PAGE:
I know you feel isolated, angry, lost, powerless and confused. I know you want to be thriving again, but don’t know how. I know you can’t see a way through this and fear this is it, forever.

I want you to trust me. I want you to let me guide you. Because whilst you feel that there is no hope right now, I know with absolute certainty that you will come through this.

It won’t be a return to who you were, but a journey to a you that thrives, excels, smiles and laughs in all areas of your life. You will be content and fulfilled. Please believe me.

You are a strong, driven and independent woman who has achieved so much. You give so much to others, always helping in whatever way you can, keen never to let anyone down. You are admired and cherished by more people than you realise.

And now it’s time for you to look after yourself like you do everybody else, and to receive the love and support from all those who are waiting in the wings to offer it.

I know this won’t come easy to you. To share your vulnerabilities and ask for help, but doing so is simply you demonstrating the strength and courage that you are already so well known for.

Much of the journey ahead you’ll need to explore for yourself, but you don’t have to do any of it alone. You have a whole choice of people who will be by your side the whole way, supporting you, and responding with compassion to your needs. And know that I am waiting for you, smiling and ready for the fun and laughter you crave so much.

Here’s what I need you to do. Five things that will make an enormous difference right now.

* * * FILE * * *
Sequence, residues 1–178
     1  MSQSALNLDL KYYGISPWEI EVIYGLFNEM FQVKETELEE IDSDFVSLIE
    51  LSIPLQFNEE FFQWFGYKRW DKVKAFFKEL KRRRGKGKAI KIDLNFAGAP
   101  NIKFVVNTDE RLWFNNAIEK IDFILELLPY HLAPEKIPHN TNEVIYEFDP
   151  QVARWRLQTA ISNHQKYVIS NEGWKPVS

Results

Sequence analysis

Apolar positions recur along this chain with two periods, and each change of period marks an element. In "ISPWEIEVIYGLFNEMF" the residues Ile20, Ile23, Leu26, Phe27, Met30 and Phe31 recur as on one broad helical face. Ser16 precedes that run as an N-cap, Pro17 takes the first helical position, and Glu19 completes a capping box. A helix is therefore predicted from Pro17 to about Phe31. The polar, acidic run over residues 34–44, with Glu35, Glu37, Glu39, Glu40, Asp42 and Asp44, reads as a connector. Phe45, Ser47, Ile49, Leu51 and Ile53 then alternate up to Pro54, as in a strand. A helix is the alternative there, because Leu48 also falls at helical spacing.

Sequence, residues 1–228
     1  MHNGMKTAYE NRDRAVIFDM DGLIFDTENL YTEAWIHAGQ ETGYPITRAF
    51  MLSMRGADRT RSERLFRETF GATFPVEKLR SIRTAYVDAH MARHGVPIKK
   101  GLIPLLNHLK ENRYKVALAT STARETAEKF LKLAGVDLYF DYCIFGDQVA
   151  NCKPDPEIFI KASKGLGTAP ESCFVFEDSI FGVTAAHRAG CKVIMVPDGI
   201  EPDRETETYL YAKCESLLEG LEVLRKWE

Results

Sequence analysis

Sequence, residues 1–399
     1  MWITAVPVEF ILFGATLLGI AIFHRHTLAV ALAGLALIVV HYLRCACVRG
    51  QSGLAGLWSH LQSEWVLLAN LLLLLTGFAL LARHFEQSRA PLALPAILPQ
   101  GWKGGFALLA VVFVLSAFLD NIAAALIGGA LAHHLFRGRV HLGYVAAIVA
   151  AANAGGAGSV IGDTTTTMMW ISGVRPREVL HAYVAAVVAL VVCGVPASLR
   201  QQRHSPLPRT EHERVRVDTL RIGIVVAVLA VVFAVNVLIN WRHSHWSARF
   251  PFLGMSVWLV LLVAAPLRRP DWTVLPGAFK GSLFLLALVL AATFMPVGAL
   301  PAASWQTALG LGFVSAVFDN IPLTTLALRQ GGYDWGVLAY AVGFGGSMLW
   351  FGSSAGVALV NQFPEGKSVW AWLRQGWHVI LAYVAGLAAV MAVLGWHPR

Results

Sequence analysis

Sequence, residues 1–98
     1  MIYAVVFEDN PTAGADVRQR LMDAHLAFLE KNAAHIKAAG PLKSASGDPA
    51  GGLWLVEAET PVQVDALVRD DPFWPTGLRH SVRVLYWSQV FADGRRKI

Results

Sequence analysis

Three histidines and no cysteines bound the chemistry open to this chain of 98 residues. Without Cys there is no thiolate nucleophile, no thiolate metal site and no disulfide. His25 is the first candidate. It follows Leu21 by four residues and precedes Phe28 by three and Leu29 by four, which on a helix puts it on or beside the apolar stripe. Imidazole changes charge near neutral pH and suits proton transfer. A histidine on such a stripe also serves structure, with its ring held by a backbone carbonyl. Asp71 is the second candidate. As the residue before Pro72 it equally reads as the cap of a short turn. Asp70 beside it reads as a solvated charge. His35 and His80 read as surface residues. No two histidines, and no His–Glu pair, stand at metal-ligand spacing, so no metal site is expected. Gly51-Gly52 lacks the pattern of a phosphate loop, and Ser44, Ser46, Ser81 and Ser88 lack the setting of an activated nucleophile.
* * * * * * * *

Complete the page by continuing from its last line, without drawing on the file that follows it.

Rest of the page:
• Tell the people you love how you are feeling. Tell them you don’t know what you need and they don’t need to solve it for you, but you need them to be firmly by your side. They may not understand what’s going on for you, but they won’t judge you and they’ll do whatever you ask of them.
  • Consciously and deliberately make the choice to rest, recuperate and nourish. Right now that means allowing yourself to sleep whenever you need to, getting some fresh air frequently, and asking a friend to make you some nourishing food.
  • Allow yourself to experience whatever emotion comes up. It’s OK to be happy, joyful, sad, angry, frustrated, tearful – all emotions are valid and part of the journey. You don’t need to lock them away for anyone.
  • Actively experience the joy in every day. Ask a friend to pop in, read books that transport you to another dimension, look at the sky, and laugh with friends.
  • You come first. Plough all of that love and care for others into yourself and allow others to help you whenever they can. You deserve it.

That’s all you need to need to think about right now. The rest will follow and you will find your own way. Trust your intuition – I promise you it will take you in the right direction.

You’re already on your way to something better. You may not be able to see it right now, but you will, very soon.

It’s time to rest.

Thank you for allowing me to be the person I’ve become.

With all my love and gratitude,

Deborah x


Sharing My Guidance With You

As you can imagine, that was emotional and therapeutic to write, but wonderfully comforting to receive. My journey since burnout has been a winding path but has ultimately led me to a place where I’ve been able to purposefully share my experience, professional training, insights, and guidance through coaching, workshops, and my books ‘Have It All Without Burning Out’ and ‘Confidence Confessions

If you’re interested in exploring this subject further then my Have it All book is a great place to start, or if you want to boost your confidence then my ‘Confidence Confessions’ book would be better. Or if you’d prefer some 1-2-1 support you can always look at my coaching experience.